I shot around 20 hours of video in September. Is that enough to build a coherent feature length movie?
My original idea was to post video during the trip, but It turns out that sailing 20-30 miles, camping/packing, shooting and editing are four unique and demanding jobs. Usually only two of them (occasionally three) are doable in any given day. So…
A trip rhythm might flow like this – sail to an interview or location and shoot (day 1-2), rough cut a ten – twenty minute chapter, perhaps moving to a remote site to minimize distraction (day 3-4) and post to the blog as at the next decent cell connection, (day 5). Repeat. If the weekly postings are consistent the chapters become episodes of a show. At the end of the trip the episodes might be reconfigured as a feature or perhaps a trilogy.
With more advanced packing techniques I may be able to reduce my cargo and the inherent complications of carrying gear for so many diverse activities. I can schedule destinations based on the rhythm and perhaps develop editing templates so chapters can be easily assembled. There’s lots of strategies for handling the unique workload of a windy filmmaker, the first step is feeling it – taking in the experience.
Then there’s the open source philosophy. Open source started with software development but has been migrating to other disciplines. It’s a cooperative ethic. My posted chapters are available under a Creative Commons license, which basically allows non commercial use with attribution, meaning folks can work with my video in their own projects as long as they are not making a profit and I get credit. This might queer my chances at distribution or getting into festivals, but I like the idea of providing public access to the film as it happens.
This is a lesson I took from working with Jeff Gibbs on his Planet project. We were in West Virginia interviewing a man whose land was being destroyed by a nearby mountaintop removal operation. I proposed to Jeff that we leave some footage behind so the local activists would have more resources for their struggle, but he declined – he needed the footage to remain under wraps until the entire project was completed, even if it took years. He didn’t want his footage getting used in some other project, he didn’t want to get his story scooped. His reasons made sense, but it meant that the local folks wouldn’t be any better off by our visit.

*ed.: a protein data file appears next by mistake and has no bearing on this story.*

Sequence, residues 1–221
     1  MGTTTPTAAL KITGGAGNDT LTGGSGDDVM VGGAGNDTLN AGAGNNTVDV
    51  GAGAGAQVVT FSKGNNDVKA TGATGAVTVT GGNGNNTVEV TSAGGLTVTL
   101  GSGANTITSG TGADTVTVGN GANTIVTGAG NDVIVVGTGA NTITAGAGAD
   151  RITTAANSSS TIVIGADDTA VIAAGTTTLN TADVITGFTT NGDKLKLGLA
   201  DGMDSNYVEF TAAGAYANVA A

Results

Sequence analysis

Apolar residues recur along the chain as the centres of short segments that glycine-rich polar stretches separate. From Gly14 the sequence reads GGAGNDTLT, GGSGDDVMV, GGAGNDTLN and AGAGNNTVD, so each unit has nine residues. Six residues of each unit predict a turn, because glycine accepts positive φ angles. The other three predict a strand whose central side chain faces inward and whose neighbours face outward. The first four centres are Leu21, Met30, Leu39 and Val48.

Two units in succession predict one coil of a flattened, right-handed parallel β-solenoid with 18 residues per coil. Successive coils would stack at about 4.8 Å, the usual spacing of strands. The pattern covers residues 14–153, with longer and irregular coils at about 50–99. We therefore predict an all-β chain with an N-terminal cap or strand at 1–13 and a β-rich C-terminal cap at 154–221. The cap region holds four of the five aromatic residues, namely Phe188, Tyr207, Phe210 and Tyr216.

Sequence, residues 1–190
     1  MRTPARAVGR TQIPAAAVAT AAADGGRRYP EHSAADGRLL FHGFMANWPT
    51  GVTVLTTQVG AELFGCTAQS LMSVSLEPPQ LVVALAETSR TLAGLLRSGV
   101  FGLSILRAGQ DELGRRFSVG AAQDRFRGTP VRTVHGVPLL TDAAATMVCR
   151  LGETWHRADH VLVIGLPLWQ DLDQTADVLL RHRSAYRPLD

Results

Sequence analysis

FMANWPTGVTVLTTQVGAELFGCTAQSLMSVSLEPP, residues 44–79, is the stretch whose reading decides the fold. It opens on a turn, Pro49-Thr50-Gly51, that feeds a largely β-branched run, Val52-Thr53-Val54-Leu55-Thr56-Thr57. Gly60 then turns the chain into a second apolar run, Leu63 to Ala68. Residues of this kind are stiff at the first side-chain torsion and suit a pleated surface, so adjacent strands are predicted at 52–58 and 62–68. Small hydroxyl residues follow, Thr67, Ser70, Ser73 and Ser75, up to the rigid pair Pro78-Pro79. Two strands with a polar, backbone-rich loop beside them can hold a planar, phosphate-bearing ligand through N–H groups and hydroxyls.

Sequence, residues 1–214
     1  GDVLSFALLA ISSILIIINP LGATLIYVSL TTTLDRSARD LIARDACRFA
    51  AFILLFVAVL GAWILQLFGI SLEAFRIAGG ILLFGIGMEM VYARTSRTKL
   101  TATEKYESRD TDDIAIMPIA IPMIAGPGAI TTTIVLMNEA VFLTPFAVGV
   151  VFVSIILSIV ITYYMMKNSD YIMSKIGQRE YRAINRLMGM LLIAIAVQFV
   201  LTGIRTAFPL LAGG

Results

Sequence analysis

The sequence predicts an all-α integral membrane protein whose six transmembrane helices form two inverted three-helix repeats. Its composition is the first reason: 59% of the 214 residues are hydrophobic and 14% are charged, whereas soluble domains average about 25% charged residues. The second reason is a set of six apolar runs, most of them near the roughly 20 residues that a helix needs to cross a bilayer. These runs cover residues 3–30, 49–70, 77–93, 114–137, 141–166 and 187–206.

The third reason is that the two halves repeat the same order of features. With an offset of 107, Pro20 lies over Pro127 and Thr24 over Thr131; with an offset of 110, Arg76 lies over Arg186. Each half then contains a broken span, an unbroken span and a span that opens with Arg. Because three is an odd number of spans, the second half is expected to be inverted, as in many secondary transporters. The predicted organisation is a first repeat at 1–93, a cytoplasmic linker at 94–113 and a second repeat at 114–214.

I’ve been thinking about that ever since. I recognize that by putting great gobs of my source material online I may be risking my feature project but if I find something that can advance global consciousness or energize regional activism then posting as I go makes sense.
As I’ve mentioned, I didn’t get to put much video up in transit, so the next best thing is to open up the editing process. This makes me feel a bit queasy though because I am showing rough cuts which are by nature – rough. I am making the first pass on my source material, grabbing interesting moments and slamming them into some kind of sketch. In a closed editing process would then drop that sketch into the archive for later review by the post production team. In an open process sketches go up on the web, warts and all, for public access. This is probably not really such a big deal – my public is less than 200-300 people presently. However, it’s likely to increase if I keep presenting interesting and valuable material. It’s both a marketing ploy and a proof of concept. I want to explore how an open source movie would actually work. What are the implications and can it be scaled up?
For me, this is what the entire project has been moving towards.